Mike “Seal” used to be my head of security over at Life, and his untimely death under mysterious circumstances made me wonder. When you go out to eat or play, you don’t necessarily need to be reminded of sad things. Lucky Strike wowed them back in 1989 when it first opened. Like all Keith McNally joints, it has an energizer bunny type of energy and the basic bones to last forever. The service, the staff, the design, and the fare are timeless and I felt good to be back. I still visit Pravda, Odeon, Pastis, and Balthazar from time to time, and his other entries Minetta Tavern, Morandi, and Schillers are magnificent machines. I am currently building in his old Nells space, trying to create something worthy of its lore. Pulino’s opened in my hood a little bit ago and although it wasn’t reviewed well by one prominent critic, the crowds have voted it a winner.
I will be DJing at the other Lucky Strike, the bowling alley and lounge on far West 42nd Street. The occasion is the birthday bash for Noel Ashman, who was at one point the operator of the Nells space when it was Plumm and NA. The invite reads “National Academy of Television, Arts and Scienes… Emmy Awards along with…” And it goes on to list Chris Noth, Patrick McMullan, Damon Dash, and a slew of others. Grandmaster Flash, Jamie Biden, Ethan Browne, and DJ Reach will join me on the wheels of steel. In the left corner is the logo for adult entertainment company Wicked. There’s hosts like Richie Romero, Brandon Marcel and Matt de Matt listed as well. Every time I write about Noel, a slew of haters come out of their holes and hovels to spew dirt. I am always asked why do I write about him. Noel has made a ton of omelets over the years and I guess in the process has broken his share of eggs. I personally have never had a bad experience with him and the naysayers are always of the suspicious variety. The diversity of the people on this invite and the crowds that will attend speak well of him. I am always asked why do I write about him. The answer is short and sweet. He’s my friend.
Here at BlackBook, we pay a lot of attention to where cool customers go out — bars, clubs, restaurants, shops, hotels, you name it. So why not flip the frame and let you see where we go out? Here’s a periodically updated, exhaustive list of hotspots currently favored by everyone at BlackBook, from the mighty bosses down to the humble interns, from the charming local lounges around the corner to the jet-setting temples of luxe living.
EDITORIAL ● Editorial Director/Editor-in-Chief – Ray Rogers, Café Mogador (NYC) – Hummus, crack-caliber coffee, and outdoor patio for primo people-judging and “novel writing.” ● Creative Director – Jason Daniels, Babettes (East Hampton) – Don’t let the word “organic” turn you off . ● Executive Editor – Chris Mohney, Pegu Club (NYC) – OCD cocktail heaven. Pith helmet and ivory cane optional. ● Senior Editor – Nick Haramis, The Jane Hotel and Ballroom (NYC) – Latest smash from Sean MacPherson and Eric Goode gets all Edwardian on the WVill.
● Editor-at-Large – James Servin, The Raleigh (Miami) – The local equivalent of LA’s Chateau Marmont. ● Staff Writer – Ryan Adams, Republic (NYC) – Minimalist fave and only vaguely communist, which is more fun than the full-bore thing. ● Writer-at-Large – Alison Powell, Wurstküche (LA) – Hey, sausages! Downtown hipsters with a secret inner-manly-man are pleased. ● West Coast Editor – Matt Diehl, Cole’s (LA) – The 100-year-old buffet-style cafeteria comes back as something new (but the French dip stays). ● Nightlife Correspondent – Steve Lewis, La Esquina (NYC) – Day and night, eating, meeting and playing. ● Paris Correspondent – Dana Thomas, Hemingway Bar at the Ritz Hotel (Paris) – Posh sips & historic ambiance at the Ritz. ● Assistant Editors – Ben Barna, Tokyo (Montreal) – Buy one for the buff bartender while you’re at it—he’s a starving actor. Cayte Grieve – Café Asean (NYC) Foster Ethan Kamer – La Superior (NYC) – Quite possibly the best little taqueria this side of town. ● Editorial Assistant – Eiseley Tauginas, Alta (NYC) – Alta, as in “high,” as in “haute,” at this sexy Village tapas spot. ● Copy Editor – Michèle Filon, Sripraphai (NYC) ● Editorial Interns – Annie Clinton Moto (NYC) – High-flavor food with dungeon loos. Sure, Moto’s for metros, but it’s hot anyway. Delia Paunescu Schiller’s Liquor Bar (NYC) – McNally’s successful entrée into the LES mess. Desiree Pais, Lit (NYC) – Rock bar du jour for hos and bros of the ain’t we the shit? set. Alexandra Vickers, Colette (Paris) – Art, style, music, sex and water.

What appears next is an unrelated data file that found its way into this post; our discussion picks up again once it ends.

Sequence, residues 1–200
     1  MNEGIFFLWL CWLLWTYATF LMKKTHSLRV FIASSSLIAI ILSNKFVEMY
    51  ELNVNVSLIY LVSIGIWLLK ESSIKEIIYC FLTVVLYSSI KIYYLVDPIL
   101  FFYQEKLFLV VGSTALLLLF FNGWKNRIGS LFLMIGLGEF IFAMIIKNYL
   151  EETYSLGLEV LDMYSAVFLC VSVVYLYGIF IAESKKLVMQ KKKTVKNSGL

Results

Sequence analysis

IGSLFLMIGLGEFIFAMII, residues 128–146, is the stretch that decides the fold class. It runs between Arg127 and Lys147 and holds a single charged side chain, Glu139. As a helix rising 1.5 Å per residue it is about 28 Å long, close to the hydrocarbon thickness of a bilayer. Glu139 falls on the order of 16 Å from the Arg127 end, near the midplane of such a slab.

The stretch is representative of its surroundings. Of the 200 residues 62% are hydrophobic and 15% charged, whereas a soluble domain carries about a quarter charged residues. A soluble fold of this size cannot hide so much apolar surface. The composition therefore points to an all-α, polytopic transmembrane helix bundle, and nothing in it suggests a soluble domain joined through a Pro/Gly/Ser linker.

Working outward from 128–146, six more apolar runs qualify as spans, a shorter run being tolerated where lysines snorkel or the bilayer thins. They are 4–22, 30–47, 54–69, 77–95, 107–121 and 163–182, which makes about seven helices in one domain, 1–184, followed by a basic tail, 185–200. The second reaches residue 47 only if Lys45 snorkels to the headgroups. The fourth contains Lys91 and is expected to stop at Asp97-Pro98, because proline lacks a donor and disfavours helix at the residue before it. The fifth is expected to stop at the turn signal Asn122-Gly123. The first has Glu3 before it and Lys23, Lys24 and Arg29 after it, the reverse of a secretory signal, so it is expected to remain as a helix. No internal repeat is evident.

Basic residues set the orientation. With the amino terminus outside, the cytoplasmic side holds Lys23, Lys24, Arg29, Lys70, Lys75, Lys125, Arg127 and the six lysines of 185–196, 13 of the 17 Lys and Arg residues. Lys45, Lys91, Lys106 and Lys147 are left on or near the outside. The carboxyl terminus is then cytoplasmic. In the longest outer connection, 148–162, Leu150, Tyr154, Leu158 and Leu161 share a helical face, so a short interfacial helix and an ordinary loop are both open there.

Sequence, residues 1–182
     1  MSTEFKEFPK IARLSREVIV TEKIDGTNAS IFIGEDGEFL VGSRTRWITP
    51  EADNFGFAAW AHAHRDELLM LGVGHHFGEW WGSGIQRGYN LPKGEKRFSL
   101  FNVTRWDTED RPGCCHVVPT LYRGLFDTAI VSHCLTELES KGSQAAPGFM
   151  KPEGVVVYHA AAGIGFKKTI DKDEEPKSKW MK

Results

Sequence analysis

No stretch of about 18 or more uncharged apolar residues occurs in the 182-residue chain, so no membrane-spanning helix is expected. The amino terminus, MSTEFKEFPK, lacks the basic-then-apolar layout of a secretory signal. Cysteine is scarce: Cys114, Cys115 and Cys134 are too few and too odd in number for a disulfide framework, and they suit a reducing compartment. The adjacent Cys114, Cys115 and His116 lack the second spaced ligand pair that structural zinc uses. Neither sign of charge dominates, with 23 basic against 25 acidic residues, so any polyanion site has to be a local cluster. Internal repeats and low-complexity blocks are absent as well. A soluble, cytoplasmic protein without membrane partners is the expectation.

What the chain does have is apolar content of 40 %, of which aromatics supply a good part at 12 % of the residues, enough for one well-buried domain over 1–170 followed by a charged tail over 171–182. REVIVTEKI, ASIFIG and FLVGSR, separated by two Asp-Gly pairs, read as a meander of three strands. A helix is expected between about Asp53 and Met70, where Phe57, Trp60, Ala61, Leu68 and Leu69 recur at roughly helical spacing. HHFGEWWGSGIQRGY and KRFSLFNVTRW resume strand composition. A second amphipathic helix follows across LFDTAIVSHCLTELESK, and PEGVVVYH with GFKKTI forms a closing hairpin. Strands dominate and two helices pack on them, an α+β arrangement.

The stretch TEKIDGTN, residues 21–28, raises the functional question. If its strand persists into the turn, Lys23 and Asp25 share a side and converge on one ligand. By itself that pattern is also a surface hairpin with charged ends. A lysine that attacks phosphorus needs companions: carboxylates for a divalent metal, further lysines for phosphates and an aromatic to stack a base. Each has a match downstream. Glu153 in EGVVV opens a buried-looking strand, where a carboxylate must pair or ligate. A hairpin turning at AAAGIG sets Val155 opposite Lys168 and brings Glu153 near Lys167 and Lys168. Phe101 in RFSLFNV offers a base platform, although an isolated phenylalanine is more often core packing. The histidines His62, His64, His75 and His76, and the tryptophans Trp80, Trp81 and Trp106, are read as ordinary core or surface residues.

ART ● Art Director – Amy Steinhauser, Five Leaves (NYC) – Café posthumously funded by Heath Ledger does justice to the work and hype put into it. ● Photography Assistant – Stephanie Swanicke, Brandy Library (NYC) – Highbrow mixology, let us know when it’s time to dust off the antique bottles on the upper shelf. ● Design/Photo Interns – Angela Chen, Dinosaur BBQ (NYC) – Roadhouse bringing southerners to Northern Manhattan. Krista Quick – Ottobar (Baltimore) – What can we say, this place rocks.Jeremy Jones – Tokyo Bar, (NYC) – Schizo décor and food, but decently done all the same.
FASHION & BEAUTY ● Fashion Director-at-Large – Elizabeth Sulcer, China Grill (NYC) -Heaping plates of Asian fusion amid fashionable environs. ● Market Editor – Bryan Levandowski, Bondi Road (NYC) – Wizards of Aus in NYC, we like your style. ● Fashion Assistant – Wilson Mathews III, Per Se (NYC) – Advanced gastronomy at the Time Warner Center. Thomas Keller pulls out all the stops. ● Fashion Interns – Samantha Shaw, Chez Janou (Paris) – Boisterous southern bistro near the Place des Vosges. Julien Blanc, La Esquina (NYC) – Fairly authentic Mexican and one of the city’s best-known “secret” bars. Laura Watters, Café Habana (NYC) – Scarfing roast pork is so much better when Mary-Kate is watching, longingly. Lindsay Abrams, Sketch: Gallery (London) – Quirky soho hot spot. BlackBook magazine Founder – Evanly Schindler, The Smile (NYC) – Earnest Sewn owners take over abandoned Double Crown space for Med-inspired cafe/boutique.